My new photographic transfer technique using methylcellulose and toner doesn’t require a flat surface for the substrate, so I also created this piece Gardens of Memory: Homes. Eventually displayed on a small marble pedestal, it is a mixed media sculpture including a found snail shell, bird’s nest, methylcellulose, and toner. The piece is probably a little larger than you might imagine - its core dimensions without the pedestal are 5.125 x 5.125 x 3.5”. The snail shell is that of an apple snail, so titled because they can grow to the size of an apple. I sold this piece while in Buenos Aires to another artist, the very talented Masako Kano.
Here is a new diptych, meaning partner pieces that will always be shown together. Diptychs can also be framed or otherwise physically linked together, too, but in this case I am framing them separately. These are mixed media pieces including sycamore leaves, methylcellulose, toner, and acrylic on artisanal handmade papers. The first paper is a very eco-friendly renewable dyed banana paper that I collaboratively made on a former residency in Peru, and the second is a handmade silk paper from Ato Menegazzo Papeles in Buenos Aires.
Here are two partner pieces I created to donate and install permanently in Buenos Aires after I leave with the help of BROTA! They are both mixed media pieces including acrylic, methylcellulose, toner, and marine varnish on a tree trunk cross-section, and will be diagonally mounted on wooden poles outdoors when installed. The institution that will host these works is yet to be determined. The two pieces are part of my Garden Memories series.
With permission from the Buenos Aires Botanical Garden, I have been taking plant samples and using chromatography to create a series of very literal plant self-portraits that also function as abstract landscapes. I am titling this series Transmigration Landscapes. There are 35 of these portraits, as well as 2 test designs that I liked enough to keep as well. Since I currently don’t have access to a scanner, processing photos of each to share clean images of the work requires a significant investment of time, so I figured I’d share a peek now with the promise of more to come!
I’ve been working on two different series of artwork from the start using the new-to-me methylcellulose and chromatography papers, but both are very experimental and I’m not sure exactly what the finished products should even look like at this point. That’s why I’ve yet to reveal much in terms of production other than a couple early test images from the chromatography papers.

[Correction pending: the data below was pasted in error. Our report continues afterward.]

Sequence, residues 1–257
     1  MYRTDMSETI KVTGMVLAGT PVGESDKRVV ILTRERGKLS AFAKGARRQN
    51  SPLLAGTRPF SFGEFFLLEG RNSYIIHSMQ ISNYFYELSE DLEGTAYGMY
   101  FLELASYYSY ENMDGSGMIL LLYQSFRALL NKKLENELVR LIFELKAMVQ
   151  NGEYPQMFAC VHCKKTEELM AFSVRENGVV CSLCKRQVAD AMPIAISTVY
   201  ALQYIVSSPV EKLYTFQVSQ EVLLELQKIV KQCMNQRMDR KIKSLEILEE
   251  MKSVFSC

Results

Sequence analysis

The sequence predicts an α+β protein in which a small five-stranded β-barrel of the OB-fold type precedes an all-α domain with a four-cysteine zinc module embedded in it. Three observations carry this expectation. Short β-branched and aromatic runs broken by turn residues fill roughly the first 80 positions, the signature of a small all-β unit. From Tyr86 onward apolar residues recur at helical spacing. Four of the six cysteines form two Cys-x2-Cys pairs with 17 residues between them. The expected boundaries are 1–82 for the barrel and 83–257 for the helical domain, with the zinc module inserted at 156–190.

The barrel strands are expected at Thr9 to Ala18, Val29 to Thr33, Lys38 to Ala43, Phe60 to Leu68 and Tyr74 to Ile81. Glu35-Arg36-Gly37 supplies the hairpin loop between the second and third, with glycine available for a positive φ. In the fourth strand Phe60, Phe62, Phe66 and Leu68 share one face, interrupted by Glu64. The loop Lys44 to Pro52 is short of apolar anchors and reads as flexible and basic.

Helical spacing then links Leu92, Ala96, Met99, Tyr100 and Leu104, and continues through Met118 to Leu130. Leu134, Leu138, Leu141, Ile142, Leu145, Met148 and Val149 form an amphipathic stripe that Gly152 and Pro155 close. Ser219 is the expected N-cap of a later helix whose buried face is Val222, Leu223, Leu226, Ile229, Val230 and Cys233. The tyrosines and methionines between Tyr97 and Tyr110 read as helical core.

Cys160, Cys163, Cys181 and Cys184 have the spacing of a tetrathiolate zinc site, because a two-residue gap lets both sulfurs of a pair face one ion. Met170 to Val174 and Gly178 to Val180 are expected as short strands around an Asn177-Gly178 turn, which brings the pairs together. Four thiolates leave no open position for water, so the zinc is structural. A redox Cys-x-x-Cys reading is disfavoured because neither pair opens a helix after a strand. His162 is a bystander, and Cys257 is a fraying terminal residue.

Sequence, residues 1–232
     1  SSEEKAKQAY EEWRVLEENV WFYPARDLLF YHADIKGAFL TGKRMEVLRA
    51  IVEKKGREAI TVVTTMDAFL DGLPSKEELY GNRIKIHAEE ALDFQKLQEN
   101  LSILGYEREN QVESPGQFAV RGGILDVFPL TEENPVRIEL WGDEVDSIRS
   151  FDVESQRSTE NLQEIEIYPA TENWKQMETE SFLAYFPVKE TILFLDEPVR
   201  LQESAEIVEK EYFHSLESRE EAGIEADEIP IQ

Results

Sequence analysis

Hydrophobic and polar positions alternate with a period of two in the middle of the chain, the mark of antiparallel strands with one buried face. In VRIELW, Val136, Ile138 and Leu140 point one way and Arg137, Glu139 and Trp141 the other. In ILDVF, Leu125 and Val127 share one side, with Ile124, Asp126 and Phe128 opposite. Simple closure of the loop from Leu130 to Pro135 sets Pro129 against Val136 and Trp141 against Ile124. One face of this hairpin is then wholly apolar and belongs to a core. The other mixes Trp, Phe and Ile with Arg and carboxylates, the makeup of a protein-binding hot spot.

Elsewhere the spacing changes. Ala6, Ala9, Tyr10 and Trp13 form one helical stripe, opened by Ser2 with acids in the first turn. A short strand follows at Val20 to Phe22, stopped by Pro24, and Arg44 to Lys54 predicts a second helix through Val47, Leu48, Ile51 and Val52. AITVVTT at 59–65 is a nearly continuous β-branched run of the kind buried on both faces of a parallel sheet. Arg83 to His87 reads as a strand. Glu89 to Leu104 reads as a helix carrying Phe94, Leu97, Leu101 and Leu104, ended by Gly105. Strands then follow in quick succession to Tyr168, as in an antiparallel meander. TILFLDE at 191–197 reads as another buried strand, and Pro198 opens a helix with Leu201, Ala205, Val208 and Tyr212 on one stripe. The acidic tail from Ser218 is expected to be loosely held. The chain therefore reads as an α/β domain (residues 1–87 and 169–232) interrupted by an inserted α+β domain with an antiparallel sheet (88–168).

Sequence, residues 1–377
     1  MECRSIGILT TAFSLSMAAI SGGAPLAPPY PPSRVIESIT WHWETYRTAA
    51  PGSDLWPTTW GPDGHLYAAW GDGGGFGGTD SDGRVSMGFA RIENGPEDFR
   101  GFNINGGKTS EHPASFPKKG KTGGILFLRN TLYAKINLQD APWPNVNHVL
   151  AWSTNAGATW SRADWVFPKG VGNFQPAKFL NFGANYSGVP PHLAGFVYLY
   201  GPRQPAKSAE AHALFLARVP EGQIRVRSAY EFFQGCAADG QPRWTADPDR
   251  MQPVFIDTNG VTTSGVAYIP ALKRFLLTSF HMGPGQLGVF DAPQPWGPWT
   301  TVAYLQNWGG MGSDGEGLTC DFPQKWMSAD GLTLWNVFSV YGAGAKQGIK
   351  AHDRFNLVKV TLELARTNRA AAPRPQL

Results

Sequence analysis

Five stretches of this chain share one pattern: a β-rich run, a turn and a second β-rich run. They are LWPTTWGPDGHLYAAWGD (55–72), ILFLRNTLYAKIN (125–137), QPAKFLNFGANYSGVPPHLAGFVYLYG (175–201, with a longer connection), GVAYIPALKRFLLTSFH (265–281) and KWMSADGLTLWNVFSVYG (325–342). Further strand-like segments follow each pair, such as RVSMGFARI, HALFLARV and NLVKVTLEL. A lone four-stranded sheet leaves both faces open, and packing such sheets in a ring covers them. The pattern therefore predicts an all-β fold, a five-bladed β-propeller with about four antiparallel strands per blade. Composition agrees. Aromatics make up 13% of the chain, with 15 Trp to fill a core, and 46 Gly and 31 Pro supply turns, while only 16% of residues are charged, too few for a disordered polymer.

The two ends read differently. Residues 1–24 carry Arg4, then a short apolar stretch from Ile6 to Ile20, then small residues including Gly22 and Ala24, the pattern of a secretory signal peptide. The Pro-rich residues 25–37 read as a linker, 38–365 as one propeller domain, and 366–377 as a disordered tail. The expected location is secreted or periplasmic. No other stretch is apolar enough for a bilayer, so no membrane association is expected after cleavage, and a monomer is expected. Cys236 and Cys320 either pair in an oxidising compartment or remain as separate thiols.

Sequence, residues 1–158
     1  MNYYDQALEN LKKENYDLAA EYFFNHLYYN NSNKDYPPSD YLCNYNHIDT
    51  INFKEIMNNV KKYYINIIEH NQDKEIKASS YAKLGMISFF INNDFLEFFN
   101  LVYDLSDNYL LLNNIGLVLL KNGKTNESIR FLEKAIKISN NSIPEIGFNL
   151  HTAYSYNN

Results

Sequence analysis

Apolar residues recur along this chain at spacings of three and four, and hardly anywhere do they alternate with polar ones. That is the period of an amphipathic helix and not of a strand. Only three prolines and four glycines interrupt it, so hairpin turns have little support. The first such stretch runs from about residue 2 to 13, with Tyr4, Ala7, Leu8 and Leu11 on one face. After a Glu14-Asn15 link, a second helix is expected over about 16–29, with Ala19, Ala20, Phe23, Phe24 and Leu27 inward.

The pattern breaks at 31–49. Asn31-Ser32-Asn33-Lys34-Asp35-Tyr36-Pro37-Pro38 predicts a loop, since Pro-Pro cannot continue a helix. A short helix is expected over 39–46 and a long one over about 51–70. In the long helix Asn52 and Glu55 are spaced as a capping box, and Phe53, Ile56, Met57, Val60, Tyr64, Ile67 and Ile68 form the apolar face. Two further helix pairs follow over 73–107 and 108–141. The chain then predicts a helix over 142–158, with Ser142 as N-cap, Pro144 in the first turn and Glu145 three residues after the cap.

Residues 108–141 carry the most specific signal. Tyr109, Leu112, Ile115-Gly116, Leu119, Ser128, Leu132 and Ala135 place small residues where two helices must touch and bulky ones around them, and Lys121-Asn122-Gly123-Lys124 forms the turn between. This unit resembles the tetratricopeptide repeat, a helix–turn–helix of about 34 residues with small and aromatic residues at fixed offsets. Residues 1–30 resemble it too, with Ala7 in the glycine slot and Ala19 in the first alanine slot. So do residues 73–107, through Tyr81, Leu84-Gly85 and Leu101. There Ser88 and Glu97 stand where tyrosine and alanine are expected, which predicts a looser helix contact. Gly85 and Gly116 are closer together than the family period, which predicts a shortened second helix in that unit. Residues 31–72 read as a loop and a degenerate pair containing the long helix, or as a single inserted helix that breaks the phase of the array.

However, I started feeling anxious about how experimental I’m being - of course it’s good to experiment, but I wanted the comfort of completing a more traditionally “me” type of piece with a clear end point. Plus, I bought those artisanal handmade papers from Ato Menegazzo Papeles, and it would be a shame not to even work on some while here!
So while this isn’t the first artwork I’ve created here, it’s the first I am declaring finished! The painting is of a dwarf water hyacinth, Eichhornia crassipes. The common names in Spanish for this plant are (as per Wikipedia): jacinto de agua, flor de bora, camalote, aguapey, lechuguín, tarope, tarulla o reyna. I chose this plant in particular because I love how graphic and full of character it is, and the fact that it’s an aquatic plant means that the whole of the plant, including its root system, can be shown in a figure-ground relationship that also celebrates the handmade paper. Water hyacinth is an ornamental plant that is occasionally consumed and used medicinally, but is also highly invasive in warm climates and is often illegal to own or sell. An interesting dichotomy that inspired my current tentative title: Adrift.
I am very excited to share that I was invited to be the second artist in residence ever at the BROTA International Residency Program in collaboration with the Buenos Aires Botanical Garden (Jardín Botánico Carlos Thays) this summer!
I will be at BROTA for a month-long residency spanning May 15 - June 15, 2019. I’m slated to have two exhibitions, one in the Buenos Aires Botanical Garden and one in the BROTA exhibition space. It’s a fantastic opportunity to focus a new body of work on botanical subject matter and I’m also looking forward to getting a chance to experience Argentina for the first time!
Estoy muy emocionada de compartir que voy a atender el programa de residencia internacional BROTA con el Jardín Botánico Carlos Thays de Buenos Aires este verano. Voy a quedar allí un mes - desde el 15 de mayo hasta el 15 de junio de 2019. El plan es tener dos exposiciones, una en el Jardín Botánico y otra en el espacio de exhibición de BROTA. ¡Es una oportunidad fantástica para enfocarme en un nuevo cuerpo de trabajo sobre un tema botánico, y también voy a experimentar la cultura argentina por primera vez!